Meriton boss Harry Triguboff calls on government to aid rental builders


Billionaire developer Harry Triguboff on the Gold Coast. Picture Glenn Hampson

As Australia’s chronic lack of housing continues apace, the nation’s richest property developer Harry Triguboff has called on federal and state authorities to help developers with build-to-rent residential apartments. Specifically the apartment mogul wants surcharges on foreign buyers – his main market – dropped.

Foreign buyers made up 50 per cent of Meriton’s buyers in 2017-2018, which has now reduced to 5 per cent.

“This was a direct consequence of all of the stamp duty and land tax surcharges imposed and it killed apartment production,” he said.

“The NSW government tripled stamp duty and doubled land tax (without a threshold) on individual foreign buyers yet they will give foreign corporations a 50 per cent discount on land tax.

“If the surcharges are dropped or reduced substantially, foreign buyers will provide immediate pre-sales to increase the rental housing supply and there are ways that you can make them lease to ensure they are made available for local leasing.”


Cranes at a Meriton site in Sydney. Picture: Stephen Cooper

At present Mr Triguboff rents out about 5000 apartments and he also controls about 5000 serviced apartments.

“These numbers will rise considerably in the next 12 months,” he added.

“The government must definitely help people (who are) building to rent. This is because if prices of units go up then big overseas developers will want to sell and not rent.

“If rents are low, no one wants to build to rent.

“If we don’t have enough units to rent, we must help the owners of buildings to rent,” Mr Triguboff said.

“The government must make concessions to investors including the wonderful little investors who are and will always provide rental accommodation. The only foreign investors in reasonable numbers are Chinese.”

He believes not enough housing is being built and that is why he is calling on the government to help.

“Otherwise, people won’t be able to afford to rent,” he maintains.

“Sydney is already losing population to Queensland. Unless we fix renting prices quickly, Sydney will lose even more people.”

He also says there are insufficient rental units because local councils don’t move quickly enough and they do not consider the difficulties of the developers.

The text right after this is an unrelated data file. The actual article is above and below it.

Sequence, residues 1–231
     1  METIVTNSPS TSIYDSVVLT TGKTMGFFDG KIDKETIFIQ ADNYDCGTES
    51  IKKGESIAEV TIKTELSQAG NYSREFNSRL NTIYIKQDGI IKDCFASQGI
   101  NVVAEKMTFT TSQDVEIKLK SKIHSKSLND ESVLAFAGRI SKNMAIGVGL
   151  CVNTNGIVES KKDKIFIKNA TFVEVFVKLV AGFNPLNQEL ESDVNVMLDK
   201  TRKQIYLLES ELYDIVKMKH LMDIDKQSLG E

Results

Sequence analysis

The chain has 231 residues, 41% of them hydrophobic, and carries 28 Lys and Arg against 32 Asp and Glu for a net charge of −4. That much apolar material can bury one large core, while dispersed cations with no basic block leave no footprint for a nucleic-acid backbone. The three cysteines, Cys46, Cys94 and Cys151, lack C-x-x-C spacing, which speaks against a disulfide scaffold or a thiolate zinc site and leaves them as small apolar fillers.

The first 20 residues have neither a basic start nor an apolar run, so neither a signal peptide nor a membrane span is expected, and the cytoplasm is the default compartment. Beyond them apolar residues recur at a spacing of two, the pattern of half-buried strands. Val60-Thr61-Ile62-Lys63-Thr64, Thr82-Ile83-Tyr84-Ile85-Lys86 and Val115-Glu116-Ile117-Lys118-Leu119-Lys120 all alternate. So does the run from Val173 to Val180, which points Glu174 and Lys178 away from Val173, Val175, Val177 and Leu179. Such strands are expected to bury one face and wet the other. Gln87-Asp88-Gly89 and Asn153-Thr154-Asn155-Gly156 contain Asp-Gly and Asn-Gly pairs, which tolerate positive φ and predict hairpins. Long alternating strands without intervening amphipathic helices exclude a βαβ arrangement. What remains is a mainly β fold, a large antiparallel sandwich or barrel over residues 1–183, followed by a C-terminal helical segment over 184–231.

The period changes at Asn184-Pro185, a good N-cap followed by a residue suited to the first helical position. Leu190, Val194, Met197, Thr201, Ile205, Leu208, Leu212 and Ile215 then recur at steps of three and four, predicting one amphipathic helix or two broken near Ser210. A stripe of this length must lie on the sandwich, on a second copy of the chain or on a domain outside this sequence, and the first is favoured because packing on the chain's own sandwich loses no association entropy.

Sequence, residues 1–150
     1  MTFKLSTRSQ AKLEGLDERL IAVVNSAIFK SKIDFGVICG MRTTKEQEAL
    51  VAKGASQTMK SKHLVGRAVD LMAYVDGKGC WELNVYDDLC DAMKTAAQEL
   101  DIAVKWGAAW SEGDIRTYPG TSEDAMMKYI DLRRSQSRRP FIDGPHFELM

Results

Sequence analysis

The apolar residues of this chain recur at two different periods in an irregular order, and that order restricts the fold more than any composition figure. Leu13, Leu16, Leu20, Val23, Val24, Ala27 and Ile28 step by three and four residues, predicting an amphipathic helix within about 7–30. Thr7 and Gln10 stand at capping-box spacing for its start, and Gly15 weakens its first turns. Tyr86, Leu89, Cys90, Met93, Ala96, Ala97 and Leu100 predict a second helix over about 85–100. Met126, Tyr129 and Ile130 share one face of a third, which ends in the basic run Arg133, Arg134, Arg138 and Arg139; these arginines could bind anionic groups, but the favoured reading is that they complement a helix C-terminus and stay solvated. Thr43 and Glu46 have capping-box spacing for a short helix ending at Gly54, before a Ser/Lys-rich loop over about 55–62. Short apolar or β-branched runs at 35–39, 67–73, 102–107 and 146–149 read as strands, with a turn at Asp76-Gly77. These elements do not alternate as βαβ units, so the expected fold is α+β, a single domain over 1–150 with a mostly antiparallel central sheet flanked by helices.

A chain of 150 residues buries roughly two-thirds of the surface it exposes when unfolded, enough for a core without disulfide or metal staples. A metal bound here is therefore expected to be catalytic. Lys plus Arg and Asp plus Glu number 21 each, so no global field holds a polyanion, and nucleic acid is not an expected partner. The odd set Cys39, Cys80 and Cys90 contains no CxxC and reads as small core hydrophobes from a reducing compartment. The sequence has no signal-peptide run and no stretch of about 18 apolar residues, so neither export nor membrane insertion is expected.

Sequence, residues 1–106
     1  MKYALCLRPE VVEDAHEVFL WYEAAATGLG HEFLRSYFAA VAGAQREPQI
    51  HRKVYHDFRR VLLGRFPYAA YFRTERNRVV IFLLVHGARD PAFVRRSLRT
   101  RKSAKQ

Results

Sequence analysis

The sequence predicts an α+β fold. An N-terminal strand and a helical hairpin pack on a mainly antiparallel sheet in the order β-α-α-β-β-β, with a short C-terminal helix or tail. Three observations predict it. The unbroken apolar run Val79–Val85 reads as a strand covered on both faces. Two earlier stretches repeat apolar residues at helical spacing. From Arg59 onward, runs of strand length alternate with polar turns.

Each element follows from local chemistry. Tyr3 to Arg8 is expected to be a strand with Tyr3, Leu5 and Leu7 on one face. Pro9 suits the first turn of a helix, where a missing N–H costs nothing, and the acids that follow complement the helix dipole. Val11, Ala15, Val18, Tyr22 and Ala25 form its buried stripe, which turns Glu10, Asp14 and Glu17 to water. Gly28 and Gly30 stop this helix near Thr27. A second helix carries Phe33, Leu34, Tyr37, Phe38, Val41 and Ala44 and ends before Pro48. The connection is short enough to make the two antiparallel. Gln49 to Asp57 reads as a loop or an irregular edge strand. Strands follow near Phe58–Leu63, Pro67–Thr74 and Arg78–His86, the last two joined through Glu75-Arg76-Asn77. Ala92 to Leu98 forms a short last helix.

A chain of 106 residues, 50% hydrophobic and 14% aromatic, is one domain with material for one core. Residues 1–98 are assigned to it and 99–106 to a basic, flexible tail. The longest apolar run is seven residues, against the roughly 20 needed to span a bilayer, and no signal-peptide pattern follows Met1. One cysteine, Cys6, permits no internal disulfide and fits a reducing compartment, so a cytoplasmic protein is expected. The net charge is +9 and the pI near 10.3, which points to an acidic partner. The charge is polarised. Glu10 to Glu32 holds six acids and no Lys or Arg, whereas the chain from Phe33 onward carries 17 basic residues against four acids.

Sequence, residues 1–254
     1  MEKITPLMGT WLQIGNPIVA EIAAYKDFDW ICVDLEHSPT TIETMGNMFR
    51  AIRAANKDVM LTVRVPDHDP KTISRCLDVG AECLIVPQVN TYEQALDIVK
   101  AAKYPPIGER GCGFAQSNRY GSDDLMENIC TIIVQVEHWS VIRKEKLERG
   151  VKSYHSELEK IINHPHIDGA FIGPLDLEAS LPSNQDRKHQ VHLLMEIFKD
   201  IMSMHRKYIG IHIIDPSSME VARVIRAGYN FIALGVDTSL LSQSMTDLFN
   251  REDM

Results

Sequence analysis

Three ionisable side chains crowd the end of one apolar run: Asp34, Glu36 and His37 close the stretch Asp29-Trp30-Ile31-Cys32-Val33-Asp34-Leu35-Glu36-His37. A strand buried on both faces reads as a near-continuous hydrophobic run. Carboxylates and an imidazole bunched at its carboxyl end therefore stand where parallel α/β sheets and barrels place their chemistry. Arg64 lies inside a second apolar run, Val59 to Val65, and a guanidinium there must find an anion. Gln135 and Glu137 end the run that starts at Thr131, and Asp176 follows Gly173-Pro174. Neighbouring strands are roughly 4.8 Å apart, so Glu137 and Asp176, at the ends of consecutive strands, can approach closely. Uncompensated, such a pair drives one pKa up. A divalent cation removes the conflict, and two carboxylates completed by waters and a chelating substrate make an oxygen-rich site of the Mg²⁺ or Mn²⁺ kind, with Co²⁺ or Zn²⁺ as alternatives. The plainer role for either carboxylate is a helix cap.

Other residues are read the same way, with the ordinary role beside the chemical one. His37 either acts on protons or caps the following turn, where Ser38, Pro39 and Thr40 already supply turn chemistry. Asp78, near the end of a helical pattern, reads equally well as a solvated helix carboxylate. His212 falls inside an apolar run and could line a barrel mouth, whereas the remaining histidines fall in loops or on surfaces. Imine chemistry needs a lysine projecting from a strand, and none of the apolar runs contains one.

The Meriton boss points to the fact that during the 1980s Japanese developers came to Australia, lost money, and moved on. Some 30 years later Chinese developers came “and the majority of them left”.

“There are no major Australian companies that I know that own many apartments for rent,” Mr Triguboff said. “Many local Lebanese builders also did not do as well as they should have even though they provided the most build to rent units over the years.”

Mr Triguboff said he had never had trouble leasing the thousands of units he controlled.

“The only time the rents went down was when we had Covid and our foreign students were told to go and our foreign workers were told to leave.

“But even though rents went down we could always lease them.”

An artist’s impression of Pacific, a twin supertower project proposed for Surfers Paradise on the Gold Coast by Meriton.

Now that students and foreign workers are starting to return Meriton’s rents are increasing.

“When all the students will return and when all the foreign workers will come back the rents will rise more.

“I believe that because finance is so cheap it will be very good for the market and the unit prices will go up in price.”

But there are very few apartments being built now and Mr Triguboff says for Sydney to succeed politicians must appreciate unit providers.

“(Instead) they are scared to be seen with us.”

Mr Triguboff says bureaucrats are also “scared” of unit developers. “This must stop immediately otherwise the people building to rent out will produce little and will often go broke.”

He also called for banks to provide building finance on easier terms, saying less apartments would be built unless this was eased.

Mr Triguboff said he found build-for-rent useful when the residential market was weak, saying he kept some units for when the market rose again.